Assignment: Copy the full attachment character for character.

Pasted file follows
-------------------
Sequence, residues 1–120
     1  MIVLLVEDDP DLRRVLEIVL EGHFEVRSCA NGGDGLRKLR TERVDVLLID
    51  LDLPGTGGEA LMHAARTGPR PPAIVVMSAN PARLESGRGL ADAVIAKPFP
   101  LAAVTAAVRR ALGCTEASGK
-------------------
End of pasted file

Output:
Sequence, residues 1–120
     1  MIVLLVEDDP DLRRVLEIVL EGHFEVRSCA NGGDGLRKLR TERVDVLLID
    51  LDLPGTGGEA LMHAARTGPR PPAIVVMSAN PARLESGRGL ADAVIAKPFP
   101  LAAVTAAVRR ALGCTEASGK